For context, the Great Fire started shortly after midnight on 2 September 1666 in a bakery on Pudding Lane. Over the next three days, the fire gutted the medieval City of London inside the old Roman city wall, and consumed 13,200 houses, 87 parish churches, St. Paul’s cathedral, and most of the buildings of the City authorities.
As we’re just several weeks shy of the 351st anniversary of the Great Fire, let’s all have some fun by casting today’s enterprises and two different types of outsourcing service providers as the entities trying to find a solution to stop the fire from spreading.
First, as there was no city-run fire brigade, the householders – read, the enterprises – attempted to put out the fire themselves, as it engulfed their own buildings. But their two capabilities, dousing buildings with water despite the inadequacies of the pipe network and pulling burning material from structures with bill hooks, were reactive and futile. Theirs was a sub-optimal process.
With the fire quickly spreading, the city authorities realized that a more coordinated approach was required. The city militia – read, service providers that deliver “traditional” services – was called in, and concentrated its efforts on pulling down houses that stood in the fire’s path. While this was an optimized process, it only minimally delayed the spread of the fire, and certainly was not popular with the householders/enterprises.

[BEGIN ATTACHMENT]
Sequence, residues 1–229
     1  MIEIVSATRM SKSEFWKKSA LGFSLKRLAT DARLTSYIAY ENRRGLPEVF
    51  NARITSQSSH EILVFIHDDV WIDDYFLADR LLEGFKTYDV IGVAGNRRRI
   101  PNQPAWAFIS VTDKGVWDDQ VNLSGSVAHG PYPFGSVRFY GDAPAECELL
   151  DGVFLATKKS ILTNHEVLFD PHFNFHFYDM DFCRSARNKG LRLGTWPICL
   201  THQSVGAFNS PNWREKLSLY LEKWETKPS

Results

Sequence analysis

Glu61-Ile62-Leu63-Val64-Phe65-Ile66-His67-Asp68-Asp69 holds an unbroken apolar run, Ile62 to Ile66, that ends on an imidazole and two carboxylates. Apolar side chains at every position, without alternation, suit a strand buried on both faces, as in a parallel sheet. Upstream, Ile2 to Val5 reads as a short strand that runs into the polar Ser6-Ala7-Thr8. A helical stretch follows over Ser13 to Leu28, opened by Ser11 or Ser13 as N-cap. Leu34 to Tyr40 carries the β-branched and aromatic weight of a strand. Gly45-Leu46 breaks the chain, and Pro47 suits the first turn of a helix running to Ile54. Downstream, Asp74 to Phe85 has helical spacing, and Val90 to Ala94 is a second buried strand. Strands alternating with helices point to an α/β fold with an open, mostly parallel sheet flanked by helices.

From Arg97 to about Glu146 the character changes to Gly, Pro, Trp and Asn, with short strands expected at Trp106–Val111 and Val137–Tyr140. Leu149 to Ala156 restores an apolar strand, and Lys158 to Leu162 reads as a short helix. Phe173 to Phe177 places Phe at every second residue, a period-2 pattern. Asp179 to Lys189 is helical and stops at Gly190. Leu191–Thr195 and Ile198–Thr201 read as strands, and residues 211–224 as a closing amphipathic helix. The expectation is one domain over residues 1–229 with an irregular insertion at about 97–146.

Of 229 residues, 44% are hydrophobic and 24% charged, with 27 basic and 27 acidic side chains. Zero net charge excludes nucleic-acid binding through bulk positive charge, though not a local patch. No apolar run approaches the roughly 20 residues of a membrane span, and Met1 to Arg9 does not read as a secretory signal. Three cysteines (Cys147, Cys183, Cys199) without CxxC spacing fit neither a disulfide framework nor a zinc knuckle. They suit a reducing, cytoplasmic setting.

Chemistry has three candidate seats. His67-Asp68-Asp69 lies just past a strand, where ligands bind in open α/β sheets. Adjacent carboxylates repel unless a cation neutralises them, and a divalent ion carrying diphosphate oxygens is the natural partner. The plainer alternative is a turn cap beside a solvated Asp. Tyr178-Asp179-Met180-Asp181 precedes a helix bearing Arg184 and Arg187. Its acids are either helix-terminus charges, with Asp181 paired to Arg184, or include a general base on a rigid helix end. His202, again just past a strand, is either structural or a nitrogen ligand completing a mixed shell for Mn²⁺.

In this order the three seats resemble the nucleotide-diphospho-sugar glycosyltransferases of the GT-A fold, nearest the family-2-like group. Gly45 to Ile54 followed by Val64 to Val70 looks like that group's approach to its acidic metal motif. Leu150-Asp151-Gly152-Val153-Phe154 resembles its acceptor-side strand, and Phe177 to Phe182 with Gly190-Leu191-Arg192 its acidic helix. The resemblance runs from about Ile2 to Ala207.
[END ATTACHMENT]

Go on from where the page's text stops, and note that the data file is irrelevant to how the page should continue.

Finally, the garrison at the Tower of London – read, a provider that offers transformative, digitally-based solutions – offered a solution that was conceptually challenging: the creation of effective firebreaks by using gunpowder to demolish entire streets. This genuinely transformed process rescued the city by leveraging a highly disruptive technology (gunpowder).
The immediate outcome was prevention of further fire spread. Problem solved! But the solution also resulted in two unforeseen, and highly beneficial outcomes: the end of the bubonic plague outbreak that had ravaged London since 1665, and, because of the huge anticipated cost of rebuilding the city, a financial imperative to end the Anglo-Dutch war. The eradication of disease meant that London was immediately a safer place to live, so both economic and intellectual capital returned to the city. Peace with Holland created conditions for trade to thrive, insurance against risk took off (Lloyds appeared as an insurer just 22 years later in 1688,) and London’s emergence as a global city began…extraordinary value-add.